Supporting the sacrament of marriage


Father Thom Hennen asked couples participating in “Two Become One … Embracing the Sacrament in Remarriage” why they chose to get married in the Catholic Church and not on the beach or in Las Vegas. The predominant answers that morning in Davenport: the importance of faith in their lives and the importance their families place on marriage in the church. As the daylong workshop progressed, the couples recognized their desire and need for God’s presence in their marriage, to provide them with the grace necessary to build a solid foundation for their life together.

The priest asks the same question of students preparing for marriage at St. Ambrose University in Davenport, where he serves as chaplain. Often, the students tell him, “Because we met here.” Through marriage preparation, he hopes they grow in awareness and appreciation for God’s presence in their life together.

This coming week, Feb. 7-14, the Catholic Church in the United States celebrates National Marriage Week 2020 to raise awareness about the value of sacramental marriage and its vital role in building and sustaining our domestic church. Supporting the sacrament of marriage and the domestic church it creates depends on each of us — married, widowed, divorced or single persons, adults and youths.

In a pastoral letter on marriage, the U.S. Conference of Catholic Bishops wrote, “While marriage is a special blessing for Christians because of the grace of Christ, marriage is also a natural blessing and gift for everyone in all times and cultures. It is a source of blessing to the couple, to their families, and to society and includes the wondrous gift of cocreating human life. Indeed, as Pope John Paul II never tired of reminding us, the future of humanity depends on marriage and the family.”


Catholics of all ages need to witness couples living out sacramental marriage, who acknowledge and welcome God’s presence in that marriage. Our children need to learn early on about the sacrament so that they understand its vital role in the life of the community. Some young couples do embrace the sacrament, providing hope for the future of our church. Jocie Zenner, 21, and Austin Strom, 22, both seniors at the University of Iowa, became engaged on New Year’s Eve. He proposed during a conference sponsored by the Newman Catholic Student Center-Iowa City and the Fellowship of Catholic University Students (FOCUS).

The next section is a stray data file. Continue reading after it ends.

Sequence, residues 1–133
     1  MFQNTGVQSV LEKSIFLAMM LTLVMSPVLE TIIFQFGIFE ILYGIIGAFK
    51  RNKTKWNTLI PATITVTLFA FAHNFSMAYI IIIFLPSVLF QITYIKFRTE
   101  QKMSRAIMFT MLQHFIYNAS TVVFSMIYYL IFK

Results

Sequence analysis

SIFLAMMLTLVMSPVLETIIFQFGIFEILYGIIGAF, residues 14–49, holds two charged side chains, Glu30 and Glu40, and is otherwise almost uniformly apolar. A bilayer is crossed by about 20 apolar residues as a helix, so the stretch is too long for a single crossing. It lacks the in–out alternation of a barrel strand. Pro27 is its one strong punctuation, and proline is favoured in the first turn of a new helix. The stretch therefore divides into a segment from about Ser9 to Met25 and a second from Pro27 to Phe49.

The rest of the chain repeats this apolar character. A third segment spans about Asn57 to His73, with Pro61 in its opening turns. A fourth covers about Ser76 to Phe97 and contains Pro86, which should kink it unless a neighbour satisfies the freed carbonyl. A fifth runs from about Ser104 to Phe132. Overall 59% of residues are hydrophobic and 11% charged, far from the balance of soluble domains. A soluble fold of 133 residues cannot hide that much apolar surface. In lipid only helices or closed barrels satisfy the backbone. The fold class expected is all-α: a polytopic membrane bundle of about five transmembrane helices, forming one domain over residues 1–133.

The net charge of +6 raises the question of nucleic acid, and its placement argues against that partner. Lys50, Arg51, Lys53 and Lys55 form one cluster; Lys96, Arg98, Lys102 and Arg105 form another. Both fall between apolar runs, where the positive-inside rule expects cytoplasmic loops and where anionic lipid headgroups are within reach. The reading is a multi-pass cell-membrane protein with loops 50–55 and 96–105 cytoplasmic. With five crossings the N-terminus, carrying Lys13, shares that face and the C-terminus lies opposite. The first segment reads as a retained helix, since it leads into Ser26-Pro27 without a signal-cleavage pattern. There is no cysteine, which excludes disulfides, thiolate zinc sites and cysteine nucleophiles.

A lifelong Catholic, Jocie believes that without God, marriage “won’t be as strong or as impactful or meaningful.” Austin, who entered the Catholic Church last Easter, believes that marrying in the church will establish a strong foundation for the couple to build on. We need to share stories like these to inspire other young Catholics to desire God’s presence in their lives as couples.

In addition to good witnesses, our church should develop ways to accompany couples throughout marriage. Perfect marriages do not exist. Couples need to know who in the church will be there for them when their journey through this lifelong covenant takes unexpected twists and turns.

Among the helpful resources to guide us in our mission:

• National Marriage Week stories, prayers, podcasts and virtual retreat for married couples (
• Diocese of Davenport Marriage Care website (
• For Your Marriage, another initiative of the USCCB:
Other ideas for supporting marriage:
• Encourage your parish to offer couples’ night out.
• Pray for marriage, and for all vocations.

The beach is a wonderful place to relax and Las Vegas is a vacation destination. Sacramental marriage is about preparing partners to journey toward their ultimate destination, union with God.

Barb Arland-Fye, Editor

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